For individuals living with mental illness and addictions issues, the diagnosis is an unwanted invitation to a disadvantaged and socially excluded population in society, experiencing stigmatization, poor housing opportunities, and low employment rates. Social programmes with untraditional approaches to helping mental health and addiction care consumers overcome barriers to effective living are essential in the rebuilding of fully productive, healthy and well-rounded lives.
Workman Arts provides individuals who have mental illness opportunities to engage in creative activities that develop their artistic strengths in accepting and supportive atmospheres. Through participation in artistic and collaborative projects that encourage the exchange of ideas between artist and observer, and the shared collective experience of audiences engaging in performances or works of art, connections are made between Workman Arts Members and the public at large and the stigma associated with mental illness and addiction is eroded.
Recurrent themes in Member feedback about the rewards of Workman Arts training programmes are: i) improved skill development, (ii) enjoyment of the classes, (iii) social benefits, (iv) improved health, (v) enhanced positive self-regard, (vi) improved motivation.
“[Workman Arts] has given me hope where there was none. Hope that I might be able to do something more with my life.”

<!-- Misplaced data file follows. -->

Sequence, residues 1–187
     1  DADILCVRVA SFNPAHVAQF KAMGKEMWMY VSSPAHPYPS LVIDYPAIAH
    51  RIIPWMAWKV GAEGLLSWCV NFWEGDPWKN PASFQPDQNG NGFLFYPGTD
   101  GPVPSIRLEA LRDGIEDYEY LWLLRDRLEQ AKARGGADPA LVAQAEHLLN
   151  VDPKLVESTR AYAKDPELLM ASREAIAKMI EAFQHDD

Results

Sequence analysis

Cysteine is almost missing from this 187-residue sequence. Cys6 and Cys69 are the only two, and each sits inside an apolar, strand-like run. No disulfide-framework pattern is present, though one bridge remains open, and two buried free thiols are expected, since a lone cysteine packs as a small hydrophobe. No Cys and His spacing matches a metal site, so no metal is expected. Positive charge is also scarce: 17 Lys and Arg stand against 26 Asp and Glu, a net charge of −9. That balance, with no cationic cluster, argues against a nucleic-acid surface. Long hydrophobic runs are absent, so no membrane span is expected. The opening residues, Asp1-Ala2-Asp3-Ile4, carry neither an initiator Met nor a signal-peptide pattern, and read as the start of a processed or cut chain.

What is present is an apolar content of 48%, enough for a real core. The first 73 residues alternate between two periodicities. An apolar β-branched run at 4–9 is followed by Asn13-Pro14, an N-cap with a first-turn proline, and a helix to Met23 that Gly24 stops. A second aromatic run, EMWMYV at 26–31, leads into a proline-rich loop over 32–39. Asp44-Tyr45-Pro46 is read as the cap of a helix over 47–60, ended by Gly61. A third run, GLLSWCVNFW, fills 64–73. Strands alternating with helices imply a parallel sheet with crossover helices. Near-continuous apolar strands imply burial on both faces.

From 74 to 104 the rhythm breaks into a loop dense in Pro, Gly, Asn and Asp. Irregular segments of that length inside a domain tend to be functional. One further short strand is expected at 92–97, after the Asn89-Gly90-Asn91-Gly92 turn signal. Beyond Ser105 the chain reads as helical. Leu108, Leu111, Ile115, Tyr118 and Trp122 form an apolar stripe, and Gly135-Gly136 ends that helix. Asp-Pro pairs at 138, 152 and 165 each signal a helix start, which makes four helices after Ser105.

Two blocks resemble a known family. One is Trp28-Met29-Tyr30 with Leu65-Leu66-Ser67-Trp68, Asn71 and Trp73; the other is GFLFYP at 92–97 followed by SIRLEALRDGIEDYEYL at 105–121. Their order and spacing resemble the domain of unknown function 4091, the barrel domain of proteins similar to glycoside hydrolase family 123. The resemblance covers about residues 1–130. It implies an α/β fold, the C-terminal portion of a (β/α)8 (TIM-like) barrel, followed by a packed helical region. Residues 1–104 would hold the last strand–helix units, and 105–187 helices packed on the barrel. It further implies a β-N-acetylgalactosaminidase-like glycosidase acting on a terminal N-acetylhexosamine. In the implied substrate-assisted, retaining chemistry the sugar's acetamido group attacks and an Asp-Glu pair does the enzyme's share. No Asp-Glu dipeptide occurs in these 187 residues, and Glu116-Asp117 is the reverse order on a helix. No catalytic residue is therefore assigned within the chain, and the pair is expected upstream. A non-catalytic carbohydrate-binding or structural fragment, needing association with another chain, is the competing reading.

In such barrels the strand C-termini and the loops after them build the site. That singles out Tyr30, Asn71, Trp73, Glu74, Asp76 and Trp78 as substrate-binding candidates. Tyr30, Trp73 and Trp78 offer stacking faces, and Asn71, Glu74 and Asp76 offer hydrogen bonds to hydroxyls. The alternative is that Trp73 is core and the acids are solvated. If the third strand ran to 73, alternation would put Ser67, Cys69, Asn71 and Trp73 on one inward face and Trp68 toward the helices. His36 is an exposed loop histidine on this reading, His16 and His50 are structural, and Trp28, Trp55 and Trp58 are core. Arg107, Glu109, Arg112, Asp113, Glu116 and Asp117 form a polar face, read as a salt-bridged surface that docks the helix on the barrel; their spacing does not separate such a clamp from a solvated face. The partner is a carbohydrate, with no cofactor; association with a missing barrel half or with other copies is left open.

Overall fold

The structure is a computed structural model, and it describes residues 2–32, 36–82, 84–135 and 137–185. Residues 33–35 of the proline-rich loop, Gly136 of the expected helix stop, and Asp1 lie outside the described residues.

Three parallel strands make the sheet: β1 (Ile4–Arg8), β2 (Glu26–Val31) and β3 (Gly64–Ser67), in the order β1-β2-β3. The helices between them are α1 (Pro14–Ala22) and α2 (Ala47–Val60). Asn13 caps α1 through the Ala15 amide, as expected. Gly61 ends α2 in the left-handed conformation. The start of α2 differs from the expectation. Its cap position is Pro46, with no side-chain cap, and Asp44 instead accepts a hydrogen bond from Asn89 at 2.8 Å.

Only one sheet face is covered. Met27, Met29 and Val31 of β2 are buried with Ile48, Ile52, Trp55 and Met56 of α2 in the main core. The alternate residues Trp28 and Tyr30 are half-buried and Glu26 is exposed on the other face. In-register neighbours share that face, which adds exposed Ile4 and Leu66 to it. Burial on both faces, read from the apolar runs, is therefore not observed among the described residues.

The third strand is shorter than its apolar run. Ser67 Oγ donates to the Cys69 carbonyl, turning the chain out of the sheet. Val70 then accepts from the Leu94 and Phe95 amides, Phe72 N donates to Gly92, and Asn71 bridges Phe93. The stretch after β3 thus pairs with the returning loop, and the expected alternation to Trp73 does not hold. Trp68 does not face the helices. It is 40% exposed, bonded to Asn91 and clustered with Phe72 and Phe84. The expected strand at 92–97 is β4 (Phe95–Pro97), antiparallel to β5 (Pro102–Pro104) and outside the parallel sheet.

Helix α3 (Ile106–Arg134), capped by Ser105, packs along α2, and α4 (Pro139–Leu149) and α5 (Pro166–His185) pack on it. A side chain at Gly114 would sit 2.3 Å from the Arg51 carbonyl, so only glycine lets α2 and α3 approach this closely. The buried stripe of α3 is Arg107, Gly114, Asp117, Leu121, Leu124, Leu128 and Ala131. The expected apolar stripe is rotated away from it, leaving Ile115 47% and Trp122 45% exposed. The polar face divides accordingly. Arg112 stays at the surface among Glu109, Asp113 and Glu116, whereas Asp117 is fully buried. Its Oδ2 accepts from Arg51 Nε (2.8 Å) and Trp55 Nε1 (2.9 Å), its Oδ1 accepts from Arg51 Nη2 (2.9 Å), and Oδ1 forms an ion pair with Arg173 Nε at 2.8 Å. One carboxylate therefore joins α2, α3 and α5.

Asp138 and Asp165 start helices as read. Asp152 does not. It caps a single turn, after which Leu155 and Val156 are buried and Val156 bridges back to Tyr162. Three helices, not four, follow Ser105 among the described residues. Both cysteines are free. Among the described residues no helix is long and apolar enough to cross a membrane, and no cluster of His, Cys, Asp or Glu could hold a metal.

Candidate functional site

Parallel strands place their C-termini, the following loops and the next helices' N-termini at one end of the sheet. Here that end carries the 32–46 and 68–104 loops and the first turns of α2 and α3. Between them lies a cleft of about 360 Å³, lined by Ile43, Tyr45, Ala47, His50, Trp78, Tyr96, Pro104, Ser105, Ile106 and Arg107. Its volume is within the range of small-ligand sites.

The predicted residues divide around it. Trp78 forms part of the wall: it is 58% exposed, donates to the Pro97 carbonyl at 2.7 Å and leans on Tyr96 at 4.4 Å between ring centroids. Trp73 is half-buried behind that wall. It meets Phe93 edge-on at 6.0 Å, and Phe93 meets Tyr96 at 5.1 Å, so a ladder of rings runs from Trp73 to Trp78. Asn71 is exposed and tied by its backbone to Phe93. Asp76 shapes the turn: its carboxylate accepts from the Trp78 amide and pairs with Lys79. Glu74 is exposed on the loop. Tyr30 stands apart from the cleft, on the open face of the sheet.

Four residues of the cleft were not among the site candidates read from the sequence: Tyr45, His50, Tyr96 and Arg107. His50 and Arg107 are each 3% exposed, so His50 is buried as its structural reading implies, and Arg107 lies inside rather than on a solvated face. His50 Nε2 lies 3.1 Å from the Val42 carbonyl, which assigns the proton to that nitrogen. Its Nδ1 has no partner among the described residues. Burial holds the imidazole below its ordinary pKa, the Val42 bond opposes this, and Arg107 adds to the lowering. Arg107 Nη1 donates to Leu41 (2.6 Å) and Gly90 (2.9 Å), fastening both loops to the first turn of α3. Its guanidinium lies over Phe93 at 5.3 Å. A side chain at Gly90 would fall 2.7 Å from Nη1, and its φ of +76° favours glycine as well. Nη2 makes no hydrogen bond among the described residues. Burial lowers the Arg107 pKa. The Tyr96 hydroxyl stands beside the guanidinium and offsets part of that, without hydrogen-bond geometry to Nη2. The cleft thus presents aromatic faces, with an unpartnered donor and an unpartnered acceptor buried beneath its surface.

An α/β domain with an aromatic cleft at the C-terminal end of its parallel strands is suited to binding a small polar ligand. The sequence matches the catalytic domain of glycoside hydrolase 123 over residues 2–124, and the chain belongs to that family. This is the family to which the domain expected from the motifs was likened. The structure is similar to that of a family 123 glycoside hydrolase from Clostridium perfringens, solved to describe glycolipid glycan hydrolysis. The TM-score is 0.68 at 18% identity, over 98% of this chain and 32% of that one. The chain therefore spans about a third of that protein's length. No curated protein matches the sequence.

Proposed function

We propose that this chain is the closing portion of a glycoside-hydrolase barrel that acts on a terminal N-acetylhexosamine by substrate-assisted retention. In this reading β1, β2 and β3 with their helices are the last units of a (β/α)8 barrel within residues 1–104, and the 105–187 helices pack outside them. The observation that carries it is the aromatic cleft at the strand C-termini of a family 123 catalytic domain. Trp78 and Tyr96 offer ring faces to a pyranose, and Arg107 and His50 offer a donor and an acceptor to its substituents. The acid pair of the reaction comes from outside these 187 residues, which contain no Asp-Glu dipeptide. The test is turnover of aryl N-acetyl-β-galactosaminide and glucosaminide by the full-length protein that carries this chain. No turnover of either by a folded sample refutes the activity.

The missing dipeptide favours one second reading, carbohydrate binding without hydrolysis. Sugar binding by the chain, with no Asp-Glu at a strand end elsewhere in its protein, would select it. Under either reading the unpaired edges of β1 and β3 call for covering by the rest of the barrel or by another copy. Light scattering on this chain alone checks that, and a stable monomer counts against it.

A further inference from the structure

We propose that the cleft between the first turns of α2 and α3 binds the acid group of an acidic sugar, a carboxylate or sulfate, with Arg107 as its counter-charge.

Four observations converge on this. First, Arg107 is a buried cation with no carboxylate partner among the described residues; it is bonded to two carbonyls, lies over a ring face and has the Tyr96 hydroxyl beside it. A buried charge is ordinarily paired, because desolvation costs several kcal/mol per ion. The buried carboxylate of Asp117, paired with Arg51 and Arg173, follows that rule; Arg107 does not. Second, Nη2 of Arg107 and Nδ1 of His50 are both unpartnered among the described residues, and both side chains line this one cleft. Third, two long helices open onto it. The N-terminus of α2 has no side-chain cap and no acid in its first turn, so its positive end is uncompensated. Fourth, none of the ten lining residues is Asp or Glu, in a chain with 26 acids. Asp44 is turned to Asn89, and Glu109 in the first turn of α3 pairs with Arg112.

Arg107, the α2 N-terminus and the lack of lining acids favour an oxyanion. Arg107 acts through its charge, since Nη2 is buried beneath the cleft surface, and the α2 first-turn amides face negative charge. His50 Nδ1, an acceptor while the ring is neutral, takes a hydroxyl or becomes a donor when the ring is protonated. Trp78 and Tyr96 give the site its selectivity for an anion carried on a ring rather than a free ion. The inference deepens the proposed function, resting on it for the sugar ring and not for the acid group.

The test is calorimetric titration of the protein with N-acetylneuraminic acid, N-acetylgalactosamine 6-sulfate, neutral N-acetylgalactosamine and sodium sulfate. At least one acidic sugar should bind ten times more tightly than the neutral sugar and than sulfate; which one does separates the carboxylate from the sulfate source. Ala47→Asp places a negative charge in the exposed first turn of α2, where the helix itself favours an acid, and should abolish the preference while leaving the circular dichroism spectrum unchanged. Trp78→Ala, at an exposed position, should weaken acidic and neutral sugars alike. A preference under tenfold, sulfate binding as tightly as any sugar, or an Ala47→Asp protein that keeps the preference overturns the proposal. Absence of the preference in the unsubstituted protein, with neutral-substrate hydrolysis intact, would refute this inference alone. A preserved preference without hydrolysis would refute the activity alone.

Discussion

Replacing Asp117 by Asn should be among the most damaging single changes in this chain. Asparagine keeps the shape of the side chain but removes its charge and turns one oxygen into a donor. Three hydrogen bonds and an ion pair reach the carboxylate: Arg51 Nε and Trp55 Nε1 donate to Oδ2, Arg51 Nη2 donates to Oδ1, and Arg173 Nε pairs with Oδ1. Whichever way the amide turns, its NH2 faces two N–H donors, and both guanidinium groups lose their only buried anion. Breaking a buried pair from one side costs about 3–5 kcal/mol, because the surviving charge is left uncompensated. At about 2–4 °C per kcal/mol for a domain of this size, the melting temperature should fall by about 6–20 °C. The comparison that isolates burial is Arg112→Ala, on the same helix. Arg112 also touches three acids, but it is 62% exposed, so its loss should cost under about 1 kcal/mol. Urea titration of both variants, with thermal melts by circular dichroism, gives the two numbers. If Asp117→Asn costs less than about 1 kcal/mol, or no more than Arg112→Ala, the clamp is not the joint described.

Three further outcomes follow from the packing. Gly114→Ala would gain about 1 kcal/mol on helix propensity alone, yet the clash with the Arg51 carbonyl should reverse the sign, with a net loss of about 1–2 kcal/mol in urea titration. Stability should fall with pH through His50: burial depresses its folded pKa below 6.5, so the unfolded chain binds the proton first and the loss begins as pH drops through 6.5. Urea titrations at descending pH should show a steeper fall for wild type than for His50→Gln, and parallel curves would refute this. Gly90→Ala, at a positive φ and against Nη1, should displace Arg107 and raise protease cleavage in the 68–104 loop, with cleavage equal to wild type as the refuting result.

“I’ve had experiences with other people and become more comfortable. In classes, I found myself more charged and motivated in a way I have seldom been before.”
“I feel in the middle of things instead of at the fringe.”
“If the art shows or classes are not offered, I may lose my incentive to continue to do art on a regular basis. Art gives me joy and sense of self.”
“In the past three weeks, I have experienced quite a bit of personal problems unrelated to Workman. The improv class helped me to get out of the blues when I was in the class. It was the only bright spot during the period.”
“The voice class provided a safe environment for self expression and growth…. I felt support of group.”
Individuals labeled with mental illness and addiction can come to see themselves as severely disabled, a perspective often reinforced by health care workers, family members, friends and society as a whole. Members of Workman Arts identify themselves as artists rather than as patients defined by their diagnosis, and develop a non-medicalized way to communicate their experiences.